Herdt v. DarbinAnnotate this Case
249 P.2d 822 (1952)
126 Colo. 355
HERDT v. DARBIN.
Supreme Court of Colorado, in Department.
October 6, 1952.
Houtchens & Houtchens, Greeley, for plaintiff in error.
Smith & Wells, Fort Morgan, for defendant in error.
Plaintiff Herdt sought judgment against Darbin, as administrator of the estate of Charles Darbin, deceased, based on asserted negligence in connection with a collision between the car of Charles Darbin and one owned and operated by plaintiff. Upon trial, the jury brought in its verdict for the defendant and judgment was entered thereon.
Reversal is sought, based on asserted error in the failure of the trial court to sustain motion of plaintiff for directed verdict and in the giving of certain instructions to which objections were interposed.
Plaintiff testified that on the morning of the collision he was traveling west, between fifty and sixty miles per hour, on U. S. Highway No. 6; that as he approached the intersection with Colorado Highway No. 114, he noticed the Darbin pickup approaching the stop sign and was under the impression that it was going to stop, but couldn't say whether or not it did stop, and that when he reached the intersection, "it was right in front of me;" that the pickup was headed south at a very slow rate of speed when he noticed it approaching the highway; that he turned to the left and hit his brakes in the attempt to miss it, and that the impact was at the center stripe in the intersection; that he passed a couple of cars before the collision, but passed no cattle trucks and saw none on the highway, and there was no oncoming traffic, and the intersection where the collision occurred was visible for three quarters of a mile. His right front fender collided with the left front fender of the Darbin car.
A witness who was riding in the Darbin pickup testified that when they reached the intersection they stopped at the stop sign, looked to the left and saw a cattle truck coming and let a car go by from the west, then started to cross; that the cattle truck was then approximately one-half mile to the east; that as Charles Darbin started the pickup his wife cried for him to look out, and witness saw plaintiff's car, which looked like a bullet, it came at such speed. Another witness, who was in the Darbin pickup, testified that immediately before the collision he looked out across the window and could just see a black streak. "It was pretty near too fast to see it from my angle. * * * It was just coming too *823 fast. It was just a streak of black." The patrolman who investigated the accident testified that plaintiff's car left a skid mark fifty-seven feet on the left side and one of thirty-six feet on the cast side, and came to rest at ninety-seven feet beyond the point of impact.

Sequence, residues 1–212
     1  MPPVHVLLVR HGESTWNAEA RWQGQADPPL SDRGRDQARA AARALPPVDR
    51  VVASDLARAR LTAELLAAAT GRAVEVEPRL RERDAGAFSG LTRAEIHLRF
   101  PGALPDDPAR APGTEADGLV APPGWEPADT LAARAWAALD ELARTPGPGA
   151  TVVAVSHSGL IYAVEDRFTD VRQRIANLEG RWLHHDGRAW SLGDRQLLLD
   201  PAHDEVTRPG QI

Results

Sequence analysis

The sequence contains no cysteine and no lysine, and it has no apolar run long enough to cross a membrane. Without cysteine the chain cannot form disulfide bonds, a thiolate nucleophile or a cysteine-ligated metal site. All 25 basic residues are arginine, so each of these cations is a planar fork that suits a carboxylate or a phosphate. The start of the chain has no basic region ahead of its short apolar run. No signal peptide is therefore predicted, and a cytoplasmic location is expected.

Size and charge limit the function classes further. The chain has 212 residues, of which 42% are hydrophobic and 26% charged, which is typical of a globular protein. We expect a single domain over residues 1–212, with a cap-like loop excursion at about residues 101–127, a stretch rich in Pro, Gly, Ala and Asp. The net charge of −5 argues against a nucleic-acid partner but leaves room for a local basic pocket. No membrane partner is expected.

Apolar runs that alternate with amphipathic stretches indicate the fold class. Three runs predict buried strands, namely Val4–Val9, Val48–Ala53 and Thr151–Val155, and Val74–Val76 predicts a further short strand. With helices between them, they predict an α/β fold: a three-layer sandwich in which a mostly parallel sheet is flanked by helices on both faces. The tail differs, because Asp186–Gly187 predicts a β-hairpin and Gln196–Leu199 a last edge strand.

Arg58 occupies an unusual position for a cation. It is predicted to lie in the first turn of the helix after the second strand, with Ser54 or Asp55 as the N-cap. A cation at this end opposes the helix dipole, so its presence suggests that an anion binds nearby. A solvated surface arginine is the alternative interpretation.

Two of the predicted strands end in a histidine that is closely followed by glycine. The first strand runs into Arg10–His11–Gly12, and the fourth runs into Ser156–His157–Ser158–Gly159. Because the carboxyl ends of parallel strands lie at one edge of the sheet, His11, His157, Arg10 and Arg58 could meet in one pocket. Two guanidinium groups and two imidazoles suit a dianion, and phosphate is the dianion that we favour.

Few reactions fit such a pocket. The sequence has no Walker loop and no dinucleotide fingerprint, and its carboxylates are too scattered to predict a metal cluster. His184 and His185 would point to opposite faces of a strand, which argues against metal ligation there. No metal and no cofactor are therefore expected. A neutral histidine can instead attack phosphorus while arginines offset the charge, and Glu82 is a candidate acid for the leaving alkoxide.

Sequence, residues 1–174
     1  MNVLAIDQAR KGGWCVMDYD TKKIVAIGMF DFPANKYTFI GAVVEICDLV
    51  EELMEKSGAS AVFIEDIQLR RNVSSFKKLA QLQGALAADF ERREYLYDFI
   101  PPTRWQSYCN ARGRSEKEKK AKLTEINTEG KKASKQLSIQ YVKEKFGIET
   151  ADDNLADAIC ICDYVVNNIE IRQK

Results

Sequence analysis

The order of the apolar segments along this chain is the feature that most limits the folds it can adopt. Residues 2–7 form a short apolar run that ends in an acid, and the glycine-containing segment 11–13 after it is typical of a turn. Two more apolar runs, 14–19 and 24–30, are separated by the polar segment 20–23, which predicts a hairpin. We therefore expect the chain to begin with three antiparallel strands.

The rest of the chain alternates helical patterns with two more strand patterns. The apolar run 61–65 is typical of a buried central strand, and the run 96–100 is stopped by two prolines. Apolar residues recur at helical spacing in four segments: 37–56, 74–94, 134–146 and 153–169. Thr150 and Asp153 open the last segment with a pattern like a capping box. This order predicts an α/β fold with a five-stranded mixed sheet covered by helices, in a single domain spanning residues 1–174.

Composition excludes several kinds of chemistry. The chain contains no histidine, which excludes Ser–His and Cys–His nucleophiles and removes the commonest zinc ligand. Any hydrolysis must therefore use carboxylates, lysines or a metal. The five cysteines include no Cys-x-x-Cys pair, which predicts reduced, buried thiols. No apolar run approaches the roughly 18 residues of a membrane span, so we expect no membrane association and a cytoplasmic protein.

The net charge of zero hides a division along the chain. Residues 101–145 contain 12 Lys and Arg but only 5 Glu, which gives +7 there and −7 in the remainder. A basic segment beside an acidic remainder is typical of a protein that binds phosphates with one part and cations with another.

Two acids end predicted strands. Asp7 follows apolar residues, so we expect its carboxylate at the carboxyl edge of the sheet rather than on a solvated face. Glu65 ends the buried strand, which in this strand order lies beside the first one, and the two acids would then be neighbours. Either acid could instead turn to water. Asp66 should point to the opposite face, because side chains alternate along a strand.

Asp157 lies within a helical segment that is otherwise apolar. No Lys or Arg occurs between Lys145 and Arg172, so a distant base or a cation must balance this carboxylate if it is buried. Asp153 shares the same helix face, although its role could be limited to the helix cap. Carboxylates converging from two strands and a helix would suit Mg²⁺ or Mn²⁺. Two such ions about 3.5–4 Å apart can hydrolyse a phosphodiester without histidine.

Assuming defendant's negligence, we think there was sufficient evidence as to negligent speed of plaintiff, so that the question of his contributory negligence was properly left to the jury, and the denial of a directed verdict and the giving of an instruction on contributory negligence was not error.
Plaintiff further complains of the giving by the court over his objection of an instruction on unavoidable accident. As given, the instruction appears to have been a correct statement of abstract law and no objection was made on the ground that it was merely an abstract statement. Objection was made on the ground that there was no evidence to support such an instruction. We said in McBride v. Woods, Colo., 238 P.2d 183, 186:"In Iacino v. Brown, 121 Colo. 450, 451, 217 P.2d 266, 268, we approved an instruction which defined an `unavoidable accident' as, `such an occurrence, as under all the circumstances, could not have been foreseen, anticipated, or avoided in the exercise of ordinary care'. In Carr v. Boyd, 123 Colo. 350, 229 P.2d 659, we clearly indicated that the giving of an instruction on `unavoidable accident' in a case in which there was no evidence upon which a finding of such an accident could properly be based, is reversible error. `An instruction which submits to the jury a question not in the case is erroneous.' Reynolds v. Hart, 42 Colo. 150, 94 P. 14, 15."
It hardly needs to be said that where, as here, two cars approach each other on intersecting highways, with full visibility and without hazard of weather or highway, a collision of the two cars is not such an occurrence as could not have been foreseen, anticipated or avoided in the exercise of ordinary care.
Accordingly, we must hold that the instruction was improper, and the judgment is reversed.
JACKSON, C. J., and ALTER and MOORE, JJ., concur.